Apostle To The Indians

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Whenever the Reverend John Eliot walked along the Indian trail from Roxbury to Dorchester Mill in the autumn weather, he tried to put the time to proper use by continuing the metrical version of the Psalms that he and Richard Mather and Thomas Weld were working on. His somber figure pinpointed the brightness of the afternoon as he strode along, heedless of the crickets’ antiphonal shrilling. Late goldenrod and Michaelmas daisies encroached on the way. brushing against his cloak. Slowly, so very slowly, the Old Testament lines formed themselves in his mind:

Like Pelican in wilderness like Owle in desart so am I; I watch, and like a sparrow am on house lop solitarily. Mine enemies daily mee reproach …

But then, as had happened so many times before, he would find himself caught up in the immediacy of the sun-drenched moment, the shout of the crickets drowning out the psalm. And he would become aware again of sweet fern and the salt scent of the marsh and the harbor in the middle distance and the russet patches of oak and blaeberry. Lemon-pale witch hazel filaments, that New World shrub that (lowered so strangely in the autumn, came just on a level with his eye. Nova Anglia —New England. This, he now knew with loving thankfulness, was his world.

According to the 1628 charter of Massachusetts Bay the “royall intention and the adventurer’s free profession, the principal! ende of this Plantation” was “to wynn the natives of the country to the knowledge and obedience of the onlie true God and Saviour of mankinde.” It was not a profession which many of the earlier settlers shared. Fortunately for them, the Indians of the region had been almost exterminated by a plague a few years before, and there was little challenge in the broken remnants of the Massachusetts Bay tribes. For those transplanted Englishmen the Indians were a subhuman nuisance, when they were not devils. “The veriest Ruines of Mankind,” Cotton Mather said of them. And even the gentle Roger Williams called them “wolves witli the brains of men.”

John Eliot was one of the very lew to take the intentions of the charter to heart. Holding the Bible as the literal word of God, the ultimate source of all knowledge, he was drawn to the Indians at least in part by his belief that they were the descendants of the lost tribes of Israel. But more fundamentally they were to him human beings created by God, souls to be saved. This conviction expanded in his inner self until it dominated his life. As he wrote in later years: “Pity to the poor Indians, and desire to make the name of Christ chief in these dark ends of the earth—and not the rewards of men—were the very first and chief moves, if I know what did first and chiefly move in my heart, when God was pleased to put upon me that work of preaching to them.”

John Eliot, known to after generations as the Apostle to the Indians, was born at Widlord, Hertfordshire, in 1604. At the customary age of fourteen he entered fesus College, Cambridge, taking his H.A. degree in 1622. lie then became an usher in the Reverend Thomas Hooker’s school at Little Baddow, an employment that Cotton Mather in later years tried anxiously to show as not really menial. Hooker, a Puritan of the milder sort and much honored in the countryside, was finally forced by Laud’s high church policies to flee to Holland as the first step on his way to America. Eliot followed him.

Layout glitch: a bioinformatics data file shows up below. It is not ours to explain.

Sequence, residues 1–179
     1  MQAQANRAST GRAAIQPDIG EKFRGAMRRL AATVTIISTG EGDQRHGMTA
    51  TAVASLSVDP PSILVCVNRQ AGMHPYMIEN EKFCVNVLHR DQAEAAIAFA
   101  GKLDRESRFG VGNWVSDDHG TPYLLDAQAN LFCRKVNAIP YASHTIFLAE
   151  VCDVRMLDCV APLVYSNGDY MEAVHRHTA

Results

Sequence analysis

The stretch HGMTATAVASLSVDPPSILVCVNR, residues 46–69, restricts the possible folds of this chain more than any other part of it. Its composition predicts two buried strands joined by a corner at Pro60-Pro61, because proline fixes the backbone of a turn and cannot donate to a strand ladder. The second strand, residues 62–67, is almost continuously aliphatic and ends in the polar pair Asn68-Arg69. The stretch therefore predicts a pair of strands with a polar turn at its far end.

Though John Eliot never wavered from the ferocious creed of Calvin, he kept beneath all the doctrines of predestination a warm and loving heart. Children and Indians he cherished with much patience. There was no Barebones self-righteousness about him. When he left England, a “select number of his pious and Christian friends” followed him on the promise that he would be their New World pastor—an indication of this unordained young man’s winning ways. On his arrival he was probably the first New England minister to take orders in the Congregational manner. A year later his bride-to-be, Anne Mumford, came to join him.

At first, he filled in as a substitute in Boston’s First Church, and although the elders would have kept him, he was mindful of his friends. There, in the hilly country beyond Boston Neck with its outcroppings of conglomerate and the broken glimpses of the harbor islands, he and his congregation that had followed him so far made their settlement. So was the church in Roxbury established in 1632, and there Eliot remained through wars and changes of governments and dynasties for over fifty years.

In 1646 the General Court of Massachusetts passed an order to promote the diffusion of Christianity among the natives, and the elders of the churches were requested to consider how it might best be effected. Although John Eliot had spent a dozen years tending the rude and straggling Roxbury settlement, he had long been considering just this. He now took into his house Cockenöe, an Indian made prisoner in the Pequot War of 1637, who had been serviced to a Dorchester planter, and who could speak and even read English. Later, an Indian youth named fob Nesntan replaced Cockenöe as Eliot’s teacher and helper. With him Eliot began his study of the Indian language, tentatively translating the Commandments and the Lord’s Prayer. Alter two years he was able to preach, if haltingly, in this acquired tongue.